Southern Brooklyn

Sheepshead Bay Rd’s Global Wholesale Market To Close


Global Wholesale Market at 1414 Sheepshead Bay Road is closing down, numerous readers tell Sheepshead Bites, and, currently, only the fruit-and-vegetable portion of the store is still open.

Global Wholesale Market has occupied the space for more than a decade, serving as a small supermarket for Eastern European meats, cheeses, baked goods and canned and bottled imports, alongside fresh produce.

But about a week or two ago, we’re told, they locked up the interior portion of the structure, leaving only the semi-enclosed produce area.

We stopped by today and an employee confirmed they are closing for good. The interior, it seems, is being gutted, and only a few items remain in the produce section. They will likely close by the end of the month.

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  1. word on the street is that Brighton Bazaar will be occupying the space soon. and by word on the street, i mean the russian senior citizens that live in my building. (they real gangsta)

  2. The real sory needs to be about HWY so many stores on Sheepshead Bay Road are closing—Could it be greedy landlords charging too much rent?

  3. How much of that is greed and how much of it is trying to keep up with the actual costs of running/owning a building/business in NYC. 

  4. While rents are indeed high I don’t think this is the cause for failure.  Landlords have every incentive to make sure that businesses that rent from them can operate profitably, otherwise what ends up happening is that tenants stop paying rent, it takes months to kick them out and then many more months to find new tenants.  The real cause is that many businesses have difficulty catering to the diverse demographic of our neighborhood.  In addition the service in most of the local businesses suck.  Say what you will about the hipsters from other areas but at least in their businesses they know how to move their lips far apart to smile.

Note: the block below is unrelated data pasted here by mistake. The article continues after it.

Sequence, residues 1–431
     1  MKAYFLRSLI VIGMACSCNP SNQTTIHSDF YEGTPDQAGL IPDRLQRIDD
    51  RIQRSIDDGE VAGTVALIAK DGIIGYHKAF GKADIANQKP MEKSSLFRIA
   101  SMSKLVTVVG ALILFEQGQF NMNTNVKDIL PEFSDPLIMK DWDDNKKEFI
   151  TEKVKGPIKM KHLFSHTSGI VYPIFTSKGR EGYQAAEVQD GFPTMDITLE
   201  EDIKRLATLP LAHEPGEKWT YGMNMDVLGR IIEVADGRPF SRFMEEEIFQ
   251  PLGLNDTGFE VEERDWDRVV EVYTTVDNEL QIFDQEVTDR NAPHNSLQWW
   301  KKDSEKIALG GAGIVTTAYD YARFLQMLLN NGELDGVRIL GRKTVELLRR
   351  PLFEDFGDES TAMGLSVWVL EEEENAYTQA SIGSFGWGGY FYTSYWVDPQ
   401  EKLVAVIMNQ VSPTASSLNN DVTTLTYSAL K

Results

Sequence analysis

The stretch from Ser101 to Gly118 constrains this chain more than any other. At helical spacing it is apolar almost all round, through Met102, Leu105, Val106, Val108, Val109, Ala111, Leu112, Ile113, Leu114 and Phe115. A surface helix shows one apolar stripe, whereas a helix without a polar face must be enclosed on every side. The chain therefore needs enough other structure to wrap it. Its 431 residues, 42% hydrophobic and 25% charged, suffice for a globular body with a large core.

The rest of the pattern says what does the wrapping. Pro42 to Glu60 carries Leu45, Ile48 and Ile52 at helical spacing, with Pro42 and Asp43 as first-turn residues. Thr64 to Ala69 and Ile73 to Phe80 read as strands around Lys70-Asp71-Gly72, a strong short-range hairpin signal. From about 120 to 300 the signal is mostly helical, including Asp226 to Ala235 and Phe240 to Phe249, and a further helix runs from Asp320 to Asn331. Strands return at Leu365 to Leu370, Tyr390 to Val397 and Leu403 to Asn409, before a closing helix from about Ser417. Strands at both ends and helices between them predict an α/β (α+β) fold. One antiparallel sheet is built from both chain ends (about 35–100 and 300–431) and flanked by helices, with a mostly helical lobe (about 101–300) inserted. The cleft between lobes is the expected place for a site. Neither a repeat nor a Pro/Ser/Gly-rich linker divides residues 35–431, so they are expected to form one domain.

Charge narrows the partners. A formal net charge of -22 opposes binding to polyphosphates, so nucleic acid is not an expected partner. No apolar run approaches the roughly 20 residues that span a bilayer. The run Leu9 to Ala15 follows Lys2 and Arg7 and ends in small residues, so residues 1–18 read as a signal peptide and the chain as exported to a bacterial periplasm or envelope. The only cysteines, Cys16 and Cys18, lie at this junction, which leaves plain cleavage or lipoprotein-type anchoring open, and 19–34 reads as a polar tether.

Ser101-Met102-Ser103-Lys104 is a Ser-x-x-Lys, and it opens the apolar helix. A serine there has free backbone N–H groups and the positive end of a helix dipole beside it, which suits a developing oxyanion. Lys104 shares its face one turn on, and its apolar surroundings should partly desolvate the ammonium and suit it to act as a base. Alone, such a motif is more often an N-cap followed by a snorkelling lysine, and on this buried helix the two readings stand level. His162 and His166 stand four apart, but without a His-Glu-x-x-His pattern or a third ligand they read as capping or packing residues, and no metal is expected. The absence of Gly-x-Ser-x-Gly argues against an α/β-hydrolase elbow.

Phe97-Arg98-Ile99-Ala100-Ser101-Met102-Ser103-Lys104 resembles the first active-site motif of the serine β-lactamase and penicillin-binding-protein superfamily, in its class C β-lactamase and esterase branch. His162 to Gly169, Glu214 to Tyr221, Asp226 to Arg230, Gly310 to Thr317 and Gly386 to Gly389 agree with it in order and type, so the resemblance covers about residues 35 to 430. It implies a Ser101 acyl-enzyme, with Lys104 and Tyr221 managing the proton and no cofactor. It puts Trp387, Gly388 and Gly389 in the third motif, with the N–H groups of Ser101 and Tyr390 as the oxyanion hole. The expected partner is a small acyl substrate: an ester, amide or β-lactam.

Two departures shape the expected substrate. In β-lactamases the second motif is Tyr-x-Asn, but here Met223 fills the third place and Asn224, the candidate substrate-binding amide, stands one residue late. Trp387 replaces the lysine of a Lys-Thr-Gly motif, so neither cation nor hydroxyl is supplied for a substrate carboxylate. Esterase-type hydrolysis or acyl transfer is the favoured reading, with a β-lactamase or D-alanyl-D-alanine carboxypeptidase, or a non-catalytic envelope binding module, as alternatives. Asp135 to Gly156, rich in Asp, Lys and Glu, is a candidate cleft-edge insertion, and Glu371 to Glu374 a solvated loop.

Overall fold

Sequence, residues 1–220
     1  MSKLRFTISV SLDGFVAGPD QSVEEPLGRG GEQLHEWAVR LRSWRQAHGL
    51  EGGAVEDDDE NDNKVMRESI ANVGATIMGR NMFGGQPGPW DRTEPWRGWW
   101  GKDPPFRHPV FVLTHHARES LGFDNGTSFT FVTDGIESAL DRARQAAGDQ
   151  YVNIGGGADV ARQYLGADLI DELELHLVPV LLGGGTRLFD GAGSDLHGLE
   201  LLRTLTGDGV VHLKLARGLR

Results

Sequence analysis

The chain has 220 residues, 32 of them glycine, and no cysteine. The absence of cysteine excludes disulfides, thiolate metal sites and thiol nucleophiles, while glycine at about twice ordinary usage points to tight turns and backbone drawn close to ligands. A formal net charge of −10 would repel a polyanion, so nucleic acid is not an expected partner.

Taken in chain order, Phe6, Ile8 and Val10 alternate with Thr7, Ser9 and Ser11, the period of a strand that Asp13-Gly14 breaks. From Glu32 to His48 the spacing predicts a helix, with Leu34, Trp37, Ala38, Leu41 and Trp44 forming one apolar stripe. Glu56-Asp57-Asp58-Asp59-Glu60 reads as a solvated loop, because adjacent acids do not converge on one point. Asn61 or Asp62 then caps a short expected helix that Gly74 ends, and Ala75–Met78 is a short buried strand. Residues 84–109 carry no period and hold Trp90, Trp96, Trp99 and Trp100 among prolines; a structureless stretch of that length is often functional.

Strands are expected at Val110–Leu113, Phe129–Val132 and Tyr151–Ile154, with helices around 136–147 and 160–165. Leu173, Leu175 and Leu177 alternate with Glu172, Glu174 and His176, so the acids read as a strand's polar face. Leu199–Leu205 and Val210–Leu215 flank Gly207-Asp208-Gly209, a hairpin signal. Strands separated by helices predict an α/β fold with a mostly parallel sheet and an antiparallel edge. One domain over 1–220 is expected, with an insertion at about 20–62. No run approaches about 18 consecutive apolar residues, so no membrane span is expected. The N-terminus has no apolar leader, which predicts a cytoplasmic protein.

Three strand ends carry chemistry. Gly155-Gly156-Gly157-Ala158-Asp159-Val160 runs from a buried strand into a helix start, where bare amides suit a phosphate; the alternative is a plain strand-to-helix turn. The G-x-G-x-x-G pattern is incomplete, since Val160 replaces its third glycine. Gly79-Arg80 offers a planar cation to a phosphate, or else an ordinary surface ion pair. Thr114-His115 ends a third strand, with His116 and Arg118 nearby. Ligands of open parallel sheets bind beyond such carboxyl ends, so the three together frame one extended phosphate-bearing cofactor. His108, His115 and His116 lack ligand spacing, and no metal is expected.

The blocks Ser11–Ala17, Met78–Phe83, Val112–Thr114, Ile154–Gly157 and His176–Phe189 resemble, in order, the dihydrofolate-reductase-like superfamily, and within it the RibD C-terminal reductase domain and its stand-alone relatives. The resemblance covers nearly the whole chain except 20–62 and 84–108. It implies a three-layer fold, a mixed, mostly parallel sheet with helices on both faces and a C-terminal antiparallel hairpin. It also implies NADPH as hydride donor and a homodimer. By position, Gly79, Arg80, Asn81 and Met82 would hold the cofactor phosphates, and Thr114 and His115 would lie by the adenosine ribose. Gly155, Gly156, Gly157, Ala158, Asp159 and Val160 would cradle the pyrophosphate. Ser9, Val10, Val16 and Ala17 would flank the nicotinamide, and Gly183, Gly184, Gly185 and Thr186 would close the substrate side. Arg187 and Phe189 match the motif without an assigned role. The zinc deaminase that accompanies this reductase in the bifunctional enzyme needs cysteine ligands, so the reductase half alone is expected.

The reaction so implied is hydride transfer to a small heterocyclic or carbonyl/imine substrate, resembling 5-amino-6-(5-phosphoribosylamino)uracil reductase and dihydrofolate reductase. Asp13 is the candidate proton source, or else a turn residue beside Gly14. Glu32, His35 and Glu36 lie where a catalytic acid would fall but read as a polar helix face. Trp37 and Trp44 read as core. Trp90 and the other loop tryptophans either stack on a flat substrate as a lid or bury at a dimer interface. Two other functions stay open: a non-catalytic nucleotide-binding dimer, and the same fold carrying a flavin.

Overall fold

5. Bring back the  Colosseum  SH needs this club back. 

    FYI word is Brighton Bazaar owner has bought in full the International location on Brighton Beach and this location, working on creating a monopoly of supermarkets.

  6. never been there, but i pass by every day and can tell it is a signature for this neighborhood. Sad to see another legend go

  7. I have been running around Brooklyn for work and it is sooo sad…I am on ave. n close to flatbush and I am not bullshittin when I say 80% of business is shuttered.I left to go pick up a worker on 86th st….does anyone remember 86th in the 80s and early 90s,the shopping,the girls,the hot cars….shuttered,everything closed,sooo sad.Ave U,whatever isn’t asian owned up to say Bedford,30% closed.Sheepshead Bay rd ,you drop off laundry on Monday,pick it up Tuesday and 3 stores changed names or closed….what do we do?????What do you think Brooklyn will look like in 5 years?Like Detroit….I opened a store on SBR and lasted a big 13 months and closed because small business is a done deal…I traded my nice suit for ripped jeans and have been busting my ass as a contractor and am just blown away as I travel around brooklyn…WHAT THE FUCK DO WE DO?

  8. We have a saying in Russia, “a fish rots from the head.” Now I wouldn’t blame it all on our current president, however he does set a very anti-business mood and until he goes things aren’t going to get better.  In all fairness however we can’t blame it all on Obama, the shuttered business phenomena has been here before he got into office.  

    However, you also have to realize that while some neighborhoods experience a decline others are on an upswing.  Williamsburgh was a poor area up until around 10 years ago, now it’s one of the priciest areas in the borough.  Same with Crown Heights and even Bed Sty is looking very happening.  Ditmas Park was completely unknown, now Ditmas Park is morphing into Park Slope.  I guess demographics change and neighborhoods change with them. My final point is that business owners in areas like 86th street, Sheepshead Bay and Ave U need to evolve and cater to the demands of the public and not get stuck in a 1980s world.

  9. While landlords have to find new tenants every time an old one goes out of business, they can get a tax break for that empty real estate space, so they may not have a huge incentive to keep that space filled. 

  10. It wasn’t the best store (poor lighting, surly cashiers, a lack of variety, terrible produce), but it fills a need, we need a general grocery store right by the train. We certainly need it more than a second frozen yogurt place. 


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